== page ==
While the clarification of the attacks on the Nord Stream pipelines seems to be progressing slowly, negotiations about another legacy of Nord Stream 2 AG are now more advanced. It sounds like a historical joke that the federal government of all people wants to buy thousands of pipes from the Russian state-owned company, which were originally intended for the completed but never commissioned Nord Stream 2 pipeline. But that's exactly how it could happen.
According to information from WELT, Robert Habeck's (Greens) Ministry of Economic Affairs is currently in contract negotiations with the so-called administrator of the now insolvent Nord Stream 2 AG. While the pipeline would have increased dependence on Russian gas supplies, the pipes are intended to ensure independence as quickly as possible through imports of liquid gas.
As WELT AM SONNTAG had already reported, the federal government wants to buy the pipes to connect a floating liquid gas terminal on Rügen to the German gas network. A connection of around 37 kilometers is planned between the liquid gas (LNG) terminal planned off Rügen and the coastal town of Lubmin. Actually, the tubes with an inner diameter of 1.20 meters are far too big for this project, but the 6000 tubes have a decisive advantage: they are already lying around unused.
According to information from WELT, it would take significantly longer to connect the planned LNG terminal if the tubes had to be manufactured and measured first. But in order to have enough gas available next winter, it has to be done as quickly as possible. The Ministry of Economic Affairs therefore not only wants to buy the tubes themselves, but is also examining the acquisition of the associated data.
These are documents, measurements and reports that are absolutely necessary for the laying of such a connection pipeline. Originally, Nord Stream 2 AG had the additional 6,000 pipes, each 18 meters long, made because the company feared that a detour would have to be made around Danish sovereign waters, but then the Danes surprisingly approved the direct route.
Now the sale of a good 3,000 of these remaining tubes and the associated data could flush money into the coffers of the insolvent Russian state-owned company. But that's exactly the problem. According to information from WELT, the Ministry of Economic Affairs wants to make sure that no money from the deal flows to Russia.
Surprisingly, sanctions do not stand in the way of business. Because the EU has not yet imposed any direct sanctions against Nord Stream 2 and the parent company Gazprom. If Russia had not unilaterally stopped supplies and if the pipelines were still intact, Russian gas supplies would still be possible. However, since 2019, well before the Russians invaded Ukraine again, US sanctions have been in place against Nord Stream 2. These were intended to prevent completion and commissioning.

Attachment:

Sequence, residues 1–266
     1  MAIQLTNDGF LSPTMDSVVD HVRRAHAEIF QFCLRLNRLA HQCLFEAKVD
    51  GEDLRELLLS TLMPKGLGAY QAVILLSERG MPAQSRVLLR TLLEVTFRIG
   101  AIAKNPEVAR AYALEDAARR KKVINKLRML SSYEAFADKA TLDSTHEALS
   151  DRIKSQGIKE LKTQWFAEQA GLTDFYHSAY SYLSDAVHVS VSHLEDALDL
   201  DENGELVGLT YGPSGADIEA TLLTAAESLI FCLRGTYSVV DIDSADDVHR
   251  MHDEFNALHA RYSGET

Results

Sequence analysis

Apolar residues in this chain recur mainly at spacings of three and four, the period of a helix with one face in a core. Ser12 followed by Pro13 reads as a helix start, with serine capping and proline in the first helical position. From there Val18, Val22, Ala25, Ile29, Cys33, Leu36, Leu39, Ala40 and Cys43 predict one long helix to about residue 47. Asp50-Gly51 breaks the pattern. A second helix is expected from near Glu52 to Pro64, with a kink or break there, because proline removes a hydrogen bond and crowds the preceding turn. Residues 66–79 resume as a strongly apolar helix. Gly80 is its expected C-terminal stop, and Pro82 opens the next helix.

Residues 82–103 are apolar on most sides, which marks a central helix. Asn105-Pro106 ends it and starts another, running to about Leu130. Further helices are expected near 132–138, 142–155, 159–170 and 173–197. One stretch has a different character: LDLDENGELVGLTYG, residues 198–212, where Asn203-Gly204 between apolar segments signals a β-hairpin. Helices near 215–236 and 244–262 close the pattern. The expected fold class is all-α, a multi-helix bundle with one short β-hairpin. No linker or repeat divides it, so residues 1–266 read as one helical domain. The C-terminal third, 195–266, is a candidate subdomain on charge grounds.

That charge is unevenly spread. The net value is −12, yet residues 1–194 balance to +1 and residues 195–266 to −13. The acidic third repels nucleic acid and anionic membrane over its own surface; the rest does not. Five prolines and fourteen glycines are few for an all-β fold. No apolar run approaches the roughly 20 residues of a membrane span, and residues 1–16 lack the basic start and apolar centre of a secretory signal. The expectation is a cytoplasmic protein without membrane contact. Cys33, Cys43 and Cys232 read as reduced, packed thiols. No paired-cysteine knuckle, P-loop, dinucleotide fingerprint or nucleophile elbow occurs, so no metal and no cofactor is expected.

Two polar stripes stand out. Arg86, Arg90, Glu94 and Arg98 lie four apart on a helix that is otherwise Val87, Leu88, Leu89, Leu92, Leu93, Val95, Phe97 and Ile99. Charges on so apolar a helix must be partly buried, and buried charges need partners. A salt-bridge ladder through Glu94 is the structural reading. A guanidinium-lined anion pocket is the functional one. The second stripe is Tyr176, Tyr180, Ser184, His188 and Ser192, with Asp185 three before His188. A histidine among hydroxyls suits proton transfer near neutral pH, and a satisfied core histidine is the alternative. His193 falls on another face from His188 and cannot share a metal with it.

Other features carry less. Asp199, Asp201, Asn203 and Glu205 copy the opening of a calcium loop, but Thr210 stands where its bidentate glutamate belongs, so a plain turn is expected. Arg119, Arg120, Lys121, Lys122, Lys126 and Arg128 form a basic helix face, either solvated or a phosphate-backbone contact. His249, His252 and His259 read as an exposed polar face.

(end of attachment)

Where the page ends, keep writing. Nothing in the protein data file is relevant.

However, according to information from WELT, these US sanctions no longer pose an obstacle to the purchase of the tubes from the point of view of the federal government - provided it can be ensured that no money flows to Moscow. According to WELT information in government circles, all necessary questions have been clarified with the US authorities. Now only a secure solution has to be found so that the money ends up with the Swiss trustee of the insolvent company and does not flow out.
When asked, the trustee appointed by a Swiss bankruptcy court, the company Transliq, said that "no information on business-specific issues and any transactions can be given to third parties." The Federal Ministry of Economics says it cannot comment on the ongoing process.
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Representatives of the insolvent Gazprom subsidiary made a similar statement: "We generally do not comment on commercial transactions". RWE AG, which is to build the terminal and connection on behalf of the federal government, also did not want to say anything about the existence of the tube deal.
In government circles there is another argument for the tube deal in addition to the acceleration of the LNG connection. If the state did not buy, there would probably be no other customer. The tubes would then simply remain where they were and eventually be scrapped.
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